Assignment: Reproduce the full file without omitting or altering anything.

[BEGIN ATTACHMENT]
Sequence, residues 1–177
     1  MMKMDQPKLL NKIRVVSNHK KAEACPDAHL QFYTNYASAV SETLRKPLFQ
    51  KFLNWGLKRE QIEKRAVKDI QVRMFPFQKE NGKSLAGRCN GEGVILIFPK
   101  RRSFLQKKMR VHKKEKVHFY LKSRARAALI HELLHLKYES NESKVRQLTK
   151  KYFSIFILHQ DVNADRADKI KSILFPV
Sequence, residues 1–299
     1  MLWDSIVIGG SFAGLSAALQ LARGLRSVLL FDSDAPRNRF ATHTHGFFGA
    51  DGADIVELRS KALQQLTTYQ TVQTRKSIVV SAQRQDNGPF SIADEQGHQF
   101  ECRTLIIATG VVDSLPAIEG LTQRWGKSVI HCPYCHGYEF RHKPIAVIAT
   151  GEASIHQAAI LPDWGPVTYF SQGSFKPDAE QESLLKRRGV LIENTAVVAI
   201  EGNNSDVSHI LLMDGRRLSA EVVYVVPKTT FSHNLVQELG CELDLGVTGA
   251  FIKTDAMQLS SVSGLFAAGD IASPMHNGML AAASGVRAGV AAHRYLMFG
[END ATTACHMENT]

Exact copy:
Sequence, residues 1–177
     1  MMKMDQPKLL NKIRVVSNHK KAEACPDAHL QFYTNYASAV SETLRKPLFQ
    51  KFLNWGLKRE QIEKRAVKDI QVRMFPFQKE NGKSLAGRCN GEGVILIFPK
   101  RRSFLQKKMR VHKKEKVHFY LKSRARAALI HELLHLKYES NESKVRQLTK
   151  KYFSIFILHQ DVNADRADKI KSILFPV
Sequence, residues 1–299
     1  MLWDSIVIGG SFAGLSAALQ LARGLRSVLL FDSDAPRNRF ATHTHGFFGA
    51  DGADIVELRS KALQQLTTYQ TVQTRKSIVV SAQRQDNGPF SIADEQGHQF
   101  ECRTLIIATG VVDSLPAIEG LTQRWGKSVI HCPYCHGYEF RHKPIAVIAT
   151  GEASIHQAAI LPDWGPVTYF SQGSFKPDAE QESLLKRRGV LIENTAVVAI
   201  EGNNSDVSHI LLMDGRRLSA EVVYVVPKTT FSHNLVQELG CELDLGVTGA
   251  FIKTDAMQLS SVSGLFAAGD IASPMHNGML AAASGVRAGV AAHRYLMFG